| By Edward Wolfarth
Credit: Jetta Productions

Who doesn't remember that one teacher who had a real positive affect on our lives. It could have been a kindergarten teacher, a high school history teacher, a college professor or, yes, even a tennis coach. Some taught us through humor, some kept us awake with smoke and mirrors, others wowed us with their brilliance, but their unmistakable focus was always on us … our learning, growth and our achievement. Seemingly, these great teachers were all different. They did, however, have many common traits. Let's look at some of them.

It’s not about me or you, it's about them
The best teachers I have ever had cared about if I understood what they were talking about. They gave constant feedback. They wouldn't stop until they were absolutely certain that we left the class or lesson knowing more than we did when we walked in. One of my finest teachers and coaches was my college coach and mentor. Having seen him many years after he retired, I asked him, “How can I ever thank you for everything you did for me?” He smiled and said, “Your success is my reward.”

Life isn't fair, but your classroom better be
We teach more than the subjects we teach. In our interactions, words, decisions and attitudes, we are teaching the “other” subjects. Behavior, open-minded fairness, critical inquiry and transparency of process (have we heard that before?) are but a few things our students learn in our classroom. The carefully consistent practice of fairness with our students increases the chances that they will model that behavior with their peers. Scrupulous attentiveness to equity should be a constant in every classroom.

Sometimes you need to jump in
An Olympic diver was once asked after performing a very difficult dive, “What was the hardest part?” Without hesitation, he answered, “Jumping off the board.” Students know when you’re playing it safe. They sense when you “mail it in.” They also know when you are in the present and engaged, when you are willing to take risks, take on the unconventional. I believe there is an element of courage in the finest of teachings. A required particle of risk that creates unease, but ultimately leads to arriving at our goal in one piece. There needs to be a nervousness, a gut reaction that if we want to do well, we will have to take risks, take that running leap and hopefully, as we have so often, land on our feet. This sense of risk is always accompanied by our memories of past failures and belly-flops, but once in the air, we can fly. It’s our courage that enables our flight.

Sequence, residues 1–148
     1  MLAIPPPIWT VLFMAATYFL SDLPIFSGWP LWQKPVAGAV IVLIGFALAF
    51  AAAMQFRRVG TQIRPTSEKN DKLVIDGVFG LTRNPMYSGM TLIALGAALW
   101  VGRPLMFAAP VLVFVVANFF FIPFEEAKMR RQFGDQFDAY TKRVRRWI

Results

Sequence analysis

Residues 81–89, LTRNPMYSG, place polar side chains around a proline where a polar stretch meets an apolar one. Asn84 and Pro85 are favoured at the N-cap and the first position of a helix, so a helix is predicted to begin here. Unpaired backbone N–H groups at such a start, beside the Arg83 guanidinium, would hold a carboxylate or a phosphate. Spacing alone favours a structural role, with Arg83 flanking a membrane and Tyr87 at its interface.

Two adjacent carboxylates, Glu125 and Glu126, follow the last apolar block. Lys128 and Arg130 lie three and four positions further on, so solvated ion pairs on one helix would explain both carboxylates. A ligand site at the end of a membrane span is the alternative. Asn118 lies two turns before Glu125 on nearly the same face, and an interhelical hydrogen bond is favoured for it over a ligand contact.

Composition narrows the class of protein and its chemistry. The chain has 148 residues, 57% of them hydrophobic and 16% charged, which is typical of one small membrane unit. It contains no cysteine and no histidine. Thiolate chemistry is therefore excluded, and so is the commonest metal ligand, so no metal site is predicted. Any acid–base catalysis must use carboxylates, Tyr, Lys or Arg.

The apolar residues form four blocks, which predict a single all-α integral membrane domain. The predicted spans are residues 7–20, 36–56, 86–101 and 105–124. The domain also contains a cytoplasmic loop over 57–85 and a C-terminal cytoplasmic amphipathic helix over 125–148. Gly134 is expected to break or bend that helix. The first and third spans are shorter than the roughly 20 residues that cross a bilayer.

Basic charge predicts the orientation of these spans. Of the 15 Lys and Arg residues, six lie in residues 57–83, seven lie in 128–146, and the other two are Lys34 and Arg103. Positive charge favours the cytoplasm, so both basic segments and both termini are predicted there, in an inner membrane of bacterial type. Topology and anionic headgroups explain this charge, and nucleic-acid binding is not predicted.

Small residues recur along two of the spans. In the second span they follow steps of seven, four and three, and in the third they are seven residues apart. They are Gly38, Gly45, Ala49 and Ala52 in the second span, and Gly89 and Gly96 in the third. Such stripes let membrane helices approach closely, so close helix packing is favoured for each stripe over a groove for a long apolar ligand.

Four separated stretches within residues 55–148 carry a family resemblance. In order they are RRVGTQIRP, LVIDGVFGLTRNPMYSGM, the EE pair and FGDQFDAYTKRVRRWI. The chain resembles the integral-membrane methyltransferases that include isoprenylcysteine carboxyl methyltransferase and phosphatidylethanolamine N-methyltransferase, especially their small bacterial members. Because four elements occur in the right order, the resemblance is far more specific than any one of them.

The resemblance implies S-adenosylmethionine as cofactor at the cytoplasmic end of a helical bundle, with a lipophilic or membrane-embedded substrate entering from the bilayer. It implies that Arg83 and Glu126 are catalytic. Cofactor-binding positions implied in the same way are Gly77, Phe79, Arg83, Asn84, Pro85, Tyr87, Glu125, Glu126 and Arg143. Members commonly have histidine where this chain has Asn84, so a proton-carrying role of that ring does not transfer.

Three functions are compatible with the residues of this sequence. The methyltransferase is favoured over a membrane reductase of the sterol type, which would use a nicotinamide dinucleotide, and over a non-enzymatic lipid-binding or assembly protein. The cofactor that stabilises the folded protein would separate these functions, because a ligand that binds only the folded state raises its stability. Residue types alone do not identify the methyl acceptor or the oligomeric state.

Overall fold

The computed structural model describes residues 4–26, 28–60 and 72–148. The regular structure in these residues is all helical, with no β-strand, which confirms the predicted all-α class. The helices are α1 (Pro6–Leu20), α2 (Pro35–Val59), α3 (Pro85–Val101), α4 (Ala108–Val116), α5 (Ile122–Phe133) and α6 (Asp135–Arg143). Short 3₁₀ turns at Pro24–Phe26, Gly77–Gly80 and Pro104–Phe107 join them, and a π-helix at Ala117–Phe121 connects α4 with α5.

I was doing fine until someone interrupted
I have a love/hate relationship with lesson plans. Without planning, we can lose our way, forget an important point or fail to cover some detail or aspect of our teaching. On the other hand, however, too much planning obscures the spontaneity and discovery that truly characterizes the learning process. By ignoring a student's sudden insight is to stifle true learning. While taking your hands off the steering wheel is bad in a car, its not necessarily bad pedagogy. Allowing students to take the lead requires practice in facilitating. It may be more work for us teachers, but our students learn better when they are actively involved in its discovery. Indeed, students may forget much of the subject matter we teach them, but we can be sure they will never forget the excitement of learning.

Do as I do and what I say
While this seems most obvious, students will echo your actions, words and attitudes. A lesson led by an engaged diligent teacher will strangely be full of engaged and diligent students. The best teachers understand that the behavior they themselves are engaged sets the tone for the learning experience of their students. Our civil (or uncivil) behavior reverberates everywhere. The ways in which we treat our colleagues and parents, all have a profound impact on how we are perceived.

There is no set path for becoming an effective teacher. It all comes down to the key elements: Caring for and about our students as both human beings and learners, having the necessary expertise and skills, demonstrating our commitment to fairness, emphasizing the process of active learning, being generous with our time and practicing respectful behavior. These elements come in different forms and can be delivered in many different ways. It’s up to each of us to best deliver the message. There is nothing to stop anyone from becoming an effective teacher. It is our individuality and eccentricity that enable us to reach out, connect and inspire. If you are a teacher, the power to change lives is within your grasp. You already have it. What a great opportunity.

Edward Wolfarth

<p><span class="Apple-style-span" style="line-height: normal; ">Edward Wolfarth is the tennis director at the Tam O' Shanter Club in Brookville, N.Y. He is also a professor of physical education and sports sciences at Hofstra University. In addition to his class load, Edward finds time to coach high school tennis at Jericho High School. He&rsquo;s an active member of the United States Professional Tennis Association and currently serves on the executive board of the United States Tennis Association-Long Island Region. He still plays competitively and is a highly ranked senior player. He may be reached at (516) 626-9005 or e-mail wolfarthe@msn.com.</span></p>